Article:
Tesetaxel with Reduced Dose of Xeloda Improves Progression-Free Survival in Breast Cancer


Tesetaxel, a novel agent, with Xeloda contributed to a median progression-free survival of 9.8 months, compared with 6.9 months with Xeloda alone, in patients with metastatic breast cancer.

Results from the phase 3 CONTESSA trial determined that patients with human epidermal growth factor receptor 2 (HER2)-negative hormone receptor (HR)-positive metastatic breast cancer treated with tesetaxel and a reduced dose of Xeloda (capecitabine) had significantly improved progression-free survival, compared with those treated with the Food and Drug Administration (FDA)-approved dose of Xeloda alone.

Tesetaxel, an oral taxane (a class of drug that blocks cell growth), is a novel drug with several unique properties including oral administration, a low pill burden (or the number of pills to take daily) and significant activity against breast cancer cell lines that are resistant to chemotherapy, according to the study, which was presented at the 2020 San Antonio Breast Cancer Symposium

“This long half-life combined with (other) features … allow for a more convenient treatment experience for patients,” said Dr. Joyce O’Shaughnessy, co-chair of breast cancer research and chair of breast cancer prevention research at Baylor-Sammons Cancer Center, during the virtual presentation of the study results. “While the standard regimen of paclitaxel requires weekly (intravenous) infusions, tesetaxel is administered orally as two to five capsules once every three weeks.”

In the phase 3 CONTESSA trial, researchers compared tesetaxel plus Xeloda with Xeloda alone in 685 patients with HER2-negative, HR-positive metastatic breast cancer who were treated with one chemotherapy regimen for advanced disease and received a taxane either in the neoadjuvant (first therapy to shrink a tumor before administration of the main treatment) or adjuvant setting (administered after the first treatment to potentially prevent a second tumor from forming).

Patients assigned the combination treatment (343 patients) received 27 mg/m2 of tesetaxel the first day of a 21-day cycle, then 1,650 mg/m2 per day of Xeloda on days one through 14 of the same cycle. Those assigned to receive Xeloda alone (342 patients) were given the dose approved by the FDA (2,500 mg/m2 per day on days one through 14 of a 21-day cycle).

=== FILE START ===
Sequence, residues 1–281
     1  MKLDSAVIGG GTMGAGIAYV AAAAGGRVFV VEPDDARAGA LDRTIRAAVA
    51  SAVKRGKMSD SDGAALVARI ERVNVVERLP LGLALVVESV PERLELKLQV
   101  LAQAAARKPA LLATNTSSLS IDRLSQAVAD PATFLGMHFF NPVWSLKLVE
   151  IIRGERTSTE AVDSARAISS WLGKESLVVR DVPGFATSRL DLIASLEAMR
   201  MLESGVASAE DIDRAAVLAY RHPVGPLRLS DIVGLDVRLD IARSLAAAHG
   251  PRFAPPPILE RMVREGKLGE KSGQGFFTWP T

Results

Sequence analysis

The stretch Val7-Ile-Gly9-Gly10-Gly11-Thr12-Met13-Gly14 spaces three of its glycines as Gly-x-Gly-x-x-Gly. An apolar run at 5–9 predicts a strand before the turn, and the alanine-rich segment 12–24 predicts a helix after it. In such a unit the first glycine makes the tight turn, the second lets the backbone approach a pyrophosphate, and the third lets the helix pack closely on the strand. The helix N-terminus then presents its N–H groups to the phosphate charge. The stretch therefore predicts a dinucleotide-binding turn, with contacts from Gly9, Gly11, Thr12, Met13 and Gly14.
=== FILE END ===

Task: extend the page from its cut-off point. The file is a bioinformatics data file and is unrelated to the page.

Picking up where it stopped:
The primary end point for this study was progression-free survival (the time from treatment to disease progression). Follow-up was conducted for a median of 13.9 months.

Patients treated with tesetaxel in combination with Xeloda demonstrated a median progression-free survival of 9.8 months compared with 6.9 months in those treated with Xeloda alone.

“The increment in median (progression-free survival) is similar certainly to what we had seen in the docetaxel plus-minus (Xeloda), it was a median improvement of two months, albeit there, it was survival,” O’Shaughnessy said.

In addition, the overall response rate was 57% for the tesetaxel plus Xeloda group versus 41% for the Xeloda alone group.

Consistent with previous clinical studies, tesetaxel plus Xeloda had a manageable side effect profile. Some grade 3 or higher treatment-emergent side effects, which occurred in at least 5% of patients, were observed in more patients treated with tesetaxel plus Xeloda compared with Xeloda, including diarrhea (13.4% versus 8.9%), neutropenia (low number of neutrophils, or a type of white blood cell; 71.2% versus 8.3%), fatigue (8.6% versus 4.5%), febrile neutropenia (fever with neutropenia; 12.8% versus 1.2%), leukopenia (low white blood cell levels; 10.1% versus 0.9%), hypokalemia (low potassium levels; 8.6% versus 2.7%) and anemia (insufficient red blood cells; 8% versus 2.1%). In contrast, patients treated with Xeloda alone were more likely to develop hand-foot syndrome (swelling, redness and pain of the hands and feet) compared with those treated with tesetaxel plus Xeloda (6.8% versus 12.2%).

Side effects resulting in treatment discontinuation occurred in at least 1% of patients. Some side effects occurred more often in patients who received the combination therapy, such as neuropathy (numbness, weakness and pain in the hands and feet; 3.6% versus 0.3%) and neutropenia or febrile neutropenia (4.2% versus 1.5%), whereas others were more common in patients treated with Xeloda alone, including hand-foot syndrome (0.6% versus 2.1%) and diarrhea (0.9% versus 1.5%). Treatment discontinuation as a result from any side effect was observed in 23.1% of patients assigned combination therapy compared with 11.9% of those assigned Xeloda alone.

The combination therapy group experienced several other side effects more often than the Xeloda alone group, including grade 2 alopecia (patchy hair loss; 8% versus 0.3%) and grade 3 or greater neuropathy (5.9% versus 0.9%).

“Tesetaxel plus a reduced dose of (Xeloda) is a potential new treatment option for patients with hormone receptor positive, HER2-negative metastatic breast cancer,” O’Shaughnessy concluded.

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